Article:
“Issue 1.5” is an unofficial name used to describe an early issue 2 Spectrum incorporating leftover issue 1 parts. Basically, a fancy name for an issue 2 Spectrum that is a bit more special and a bit less common than any normal (later) issue 2.
Apart from using an Issue 1 ULA (5C102E) with the mandatory cockroach modification, early examples also encompass case parts specific to issue 1 Spectrums. Owing to little interest or demand they aren’t as collectable so don’t tend to fetch the high prices actual issue 1 machines command. Hence it could also be called “Poor Man’s Issue 1”.
Another name for such machine I’ve come across is Prototype Issue 2 but that name doesn’t sit well with me so I’ll stick to calling it “Issue 1.5”.
Externally it can be difficult telling it apart from an issue 1 Spectrum, especially when featuring a grey keymat normally associated with issue 1 machines. (Interesting little-known fact: Not all issue 1 Spectrums have grey keymats, and equally a grey keymat isn’t always a token of issue 1 machine.)
Even the serial numbers stamped on the bottom of the case aren’t always conclusive with first issue 2 issue 1.5 machines appearing as early as 15,000 and issue 1’s being spread out all over the place and appearing randomly where you wouldn’t normally expect them to.
It may be a coincidence but none of my issue 1.5’s feature an adjustment hole present on issue 1 cases – it could be a distinguishing element.
Look out for various types of moulds when met with a case embodying an adjustment hole – note the position of the logo:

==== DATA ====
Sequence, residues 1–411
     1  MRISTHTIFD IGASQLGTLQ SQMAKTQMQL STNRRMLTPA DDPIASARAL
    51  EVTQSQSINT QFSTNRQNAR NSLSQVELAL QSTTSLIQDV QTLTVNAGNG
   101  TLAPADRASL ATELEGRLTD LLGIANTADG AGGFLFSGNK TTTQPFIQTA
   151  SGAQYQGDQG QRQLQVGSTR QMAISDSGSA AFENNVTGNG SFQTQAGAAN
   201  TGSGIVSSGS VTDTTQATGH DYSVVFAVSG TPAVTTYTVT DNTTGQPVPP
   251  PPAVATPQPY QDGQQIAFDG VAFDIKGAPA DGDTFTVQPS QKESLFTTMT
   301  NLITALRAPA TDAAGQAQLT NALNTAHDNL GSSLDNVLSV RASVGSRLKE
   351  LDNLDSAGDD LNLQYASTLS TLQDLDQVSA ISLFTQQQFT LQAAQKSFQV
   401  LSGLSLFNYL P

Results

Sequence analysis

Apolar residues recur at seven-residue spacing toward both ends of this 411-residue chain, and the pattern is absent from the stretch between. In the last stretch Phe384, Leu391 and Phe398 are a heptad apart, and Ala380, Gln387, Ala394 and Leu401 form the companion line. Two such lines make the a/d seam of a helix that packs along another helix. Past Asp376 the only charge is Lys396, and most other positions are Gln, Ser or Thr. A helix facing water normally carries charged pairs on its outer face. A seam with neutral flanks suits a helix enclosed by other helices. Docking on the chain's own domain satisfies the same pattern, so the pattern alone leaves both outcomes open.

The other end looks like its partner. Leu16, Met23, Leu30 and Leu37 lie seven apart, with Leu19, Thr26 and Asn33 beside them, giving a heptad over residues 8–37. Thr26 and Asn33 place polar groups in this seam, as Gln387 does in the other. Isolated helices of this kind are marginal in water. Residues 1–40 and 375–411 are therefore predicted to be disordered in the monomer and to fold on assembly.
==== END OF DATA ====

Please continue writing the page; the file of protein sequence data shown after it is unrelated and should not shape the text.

When in top right corner the case belongs to an early Spectrum
When in the centre bottom it’s a much later production case and you won’t find issue 1 or 1.5 in there (unless re-housed)
The only certain way to be sure what issue is your Spectrum without opening the case is looking through the hole in the expansion port at the rear of the case.
Issue 1: Look for a solitary orange capacitor
16K Issue 1 Rear View
Issue 1 with 32K daughterboard expansion: Lots of orange capacitors inside
48K Issue 1 Rear View
Issue 2: Like a normal issue 2 (the colour of the capacitors may vary)
Issue 2 Rear View
Issue 1.5: Like issue 2 but with visible wires (connecting to the cockroach)
Issue 1.5 Rear View
And here are some hi-res photos of topless Issue 1.5 Spectrums for your viewing pleasure:
What a great Speccy this is (to me, at least). When I discovered this serial number a few weeks ago I was completely lost for words. After so many Spectrums I’ve been through how can there still be anything left out there to surprise?
Found this one in Poland but there might be more in other Eastern European countries too.
Number format apparently same as in certain Sinclair QLs (although I have no evidence for that)
Very dark keys, little signs of use
Issue 2, 48K
This issue 2 board predates the case. The motherboard was made in mid 1983 and would originally belong in a case with a number 001-394xxx or thereabouts. The colour of the serial number (blue) suggests year 1985 so that’s when the board would have been rehoused.
Although the case is featuring the adjustment hole present on Issue 1 Spectrums, the mould is slightly different to the original issue 1 case – the Sinclair Spectrum branding logo is at the bottom of the case (not in the top right corner) and the recess next to MIC/EAR and Power sockets is in rectangular shape (not rounded).
Spectrums intended for American market were required to comply to FCC regulations.
One of the requirements was a shielding used to to eliminate radio interference. Even though insides of some cases were sprayed with conductive paint, the Spectrums were never granted an FCC approval.
This Spectrum was bought new in mid 1980s in Germany – it was made using spare leftover parts (such as the shielded cover), hence why it houses an issue 2 motherboard even though the serial number is one of the latest.